(SCC0067)

Written evidence submitted by the Counsel for Domestic Legislation

 

 

 

 

COUNSEL FOR DOMESTIC LEGISLATION

 

 

 

 

 

 

Committee of Privileges

 

 

 

 

_________________________________________________

 

Draft Parliamentary Committees (Witnesses) Bill

______

 

Distinguishing Between Normal and Statutory Summons

________________________________________________

 

 

 

 

Introduction

 

  1. In evidence to the Committee this morning Joshua Rozenberg QC and others mentioned the possibility that introducing penalties for non-attendance on Committees might change the general atmosphere of informal collaboration between the public and Committees. 

 

  1. It occurs to me that this potential chilling effect could be significantly reduced if the legislation were drafted so that it applies only to a summons that specifically invokes it.


 

  1. This would be similar to the approach of section 1 of the Parliamentary Witnesses Oaths Act 1871 (Examination of witnesses on oath by the House of Commons and committees of the House) which I discussed in my note to the Committee of 23 October 2019 (SCC0021).  Committees proceed with business as normal, asking questions without attracting any powers of compulsion to answer truthfully, unless and until they wish to invoke the statutory procedure at which point the oath is administered.  So far as I am aware, there is no general feeling that the use of the power by the Public Accounts Committee in 2011 when examining Anthony Inglese, General Counsel and Solicitor, HMRC has exercised any chilling effect in the case of witnesses generally or made people less inclined to cooperate with Committees.

 

  1. Under this model most summonses would issue as at present and would be formal but not enforceable.  If a Committee took the view that a particular witness was being contemptuously evasive, at that point it could choose to increase the pressure by issuing a summons under a separate Standing Order, expressly invoking the statutory provision about failure to comply.

 

  1. An additional advantage of this model would be that the gatekeeper function would be exercised before the informal summons was converted into a statutory summons, giving the House greater control over the overall policy of compelling witnesses.

 

  1. (I mentioned this idea informally after this morning’s session to Joshua Rozenberg QC and he agreed that it would significantly modify the potential chilling effect; Professor Alison Young was also attracted to it on the basis that it advances the gatekeeper process to the stage before Parliament decides to invoke potential criminal liability.)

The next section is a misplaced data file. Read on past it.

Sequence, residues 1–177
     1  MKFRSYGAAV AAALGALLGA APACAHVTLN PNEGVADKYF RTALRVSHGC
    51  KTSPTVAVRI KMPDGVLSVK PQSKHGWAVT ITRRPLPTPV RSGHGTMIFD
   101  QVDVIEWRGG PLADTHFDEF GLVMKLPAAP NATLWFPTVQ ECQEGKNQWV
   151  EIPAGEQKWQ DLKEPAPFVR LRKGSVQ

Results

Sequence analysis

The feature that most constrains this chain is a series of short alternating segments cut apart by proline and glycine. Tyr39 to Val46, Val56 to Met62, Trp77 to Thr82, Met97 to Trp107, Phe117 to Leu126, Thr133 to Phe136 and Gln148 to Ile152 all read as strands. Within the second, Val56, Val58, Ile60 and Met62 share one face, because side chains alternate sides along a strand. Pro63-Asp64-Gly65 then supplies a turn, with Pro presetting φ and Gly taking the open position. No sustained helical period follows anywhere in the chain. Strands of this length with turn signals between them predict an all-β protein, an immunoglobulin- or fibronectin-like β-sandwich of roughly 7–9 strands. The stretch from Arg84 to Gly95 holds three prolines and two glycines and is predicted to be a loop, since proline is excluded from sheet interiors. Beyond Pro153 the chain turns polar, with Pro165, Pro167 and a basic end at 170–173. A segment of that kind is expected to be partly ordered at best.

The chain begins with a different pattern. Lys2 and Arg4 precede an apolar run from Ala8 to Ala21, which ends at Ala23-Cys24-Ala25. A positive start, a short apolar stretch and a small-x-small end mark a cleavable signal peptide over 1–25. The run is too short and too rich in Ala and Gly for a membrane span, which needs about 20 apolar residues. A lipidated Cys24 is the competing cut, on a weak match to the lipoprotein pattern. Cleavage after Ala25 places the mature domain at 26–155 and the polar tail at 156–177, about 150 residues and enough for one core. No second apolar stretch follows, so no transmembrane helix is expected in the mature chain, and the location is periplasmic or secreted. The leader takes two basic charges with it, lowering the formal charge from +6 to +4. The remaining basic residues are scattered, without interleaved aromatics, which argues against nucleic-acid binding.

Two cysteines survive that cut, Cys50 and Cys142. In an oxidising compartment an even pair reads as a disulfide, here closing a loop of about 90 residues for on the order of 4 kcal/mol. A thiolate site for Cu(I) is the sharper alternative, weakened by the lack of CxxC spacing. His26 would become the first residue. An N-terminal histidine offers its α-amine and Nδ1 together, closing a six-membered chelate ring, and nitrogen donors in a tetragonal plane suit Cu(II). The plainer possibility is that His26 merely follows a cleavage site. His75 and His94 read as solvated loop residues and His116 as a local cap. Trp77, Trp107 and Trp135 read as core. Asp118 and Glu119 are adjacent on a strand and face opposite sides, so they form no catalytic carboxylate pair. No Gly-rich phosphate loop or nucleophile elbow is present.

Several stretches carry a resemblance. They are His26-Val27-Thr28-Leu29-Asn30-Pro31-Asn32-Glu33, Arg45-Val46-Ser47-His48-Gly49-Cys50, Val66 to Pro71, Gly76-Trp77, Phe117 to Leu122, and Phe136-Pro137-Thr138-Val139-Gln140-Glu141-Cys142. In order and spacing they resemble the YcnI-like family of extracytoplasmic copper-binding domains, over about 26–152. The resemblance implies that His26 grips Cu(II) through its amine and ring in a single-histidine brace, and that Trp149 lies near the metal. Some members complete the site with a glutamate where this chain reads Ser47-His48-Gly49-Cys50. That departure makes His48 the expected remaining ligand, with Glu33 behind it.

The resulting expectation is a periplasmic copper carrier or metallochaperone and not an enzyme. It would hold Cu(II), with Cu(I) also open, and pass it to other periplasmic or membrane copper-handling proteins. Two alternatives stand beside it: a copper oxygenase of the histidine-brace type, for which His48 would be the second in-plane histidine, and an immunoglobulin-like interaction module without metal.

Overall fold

Daniel Greenberg CB

26 October 2021

 

 

 

COUNSEL FOR DOMESTIC LEGISLATION

 

 

 

 

Committee of Privileges

 

 

 

_________________________________________________

 

Draft Parliamentary Committees (Witnesses) Bill

______

 

Prosecution of Offences

________________________________________________

 

 

 

 

Introduction

 

  1. I am asked to advise whether the new offence provided for in the Committee’s draft Bill could be prosecuted before the courts of Scotland and Northern Ireland and, if so, how the appropriate venue will be determined in particular cases.

 

 

UK wide jurisdiction

 

  1. Clause 2(3) expressly provides that the clauses extend to the whole of the United Kingdom.

 

  1. So the courts of Scotland, and of Northern Ireland, will be able to prosecute offences under clause 1, as well as the courts of England and Wales.


 

 

Choice of venue

 

  1. Since all the criminal courts in the UK capable of hearing charges on indictment will have jurisdiction in respect of clause 1, it will be a prosecutorial decision as to where to initiate proceedings in any particular case.

 

  1. This is not uncommon in relation to offences with UK-wide extent, and over the years the prosecutorial authorities have developed criteria for determining venue including: location and interests of the victim; location and interests of witnesses; and location and interests of the accused[1].

 

  1. In the case of the new offence, where a potential witness who lives and works in Scotland is summoned and refuses to attend a Select Committee meeting in London, it is likely to be thought appropriate for the case to be brought in Scotland.

 

 

Conclusion

 

  1. I will be happy to expand on this note if helpful.

 

 

Daniel Greenberg CB

8 November 2021

 

 


[1]               See Crown Prosecution Service, Legal Guidance on Jurisdiction, 26 July 2021.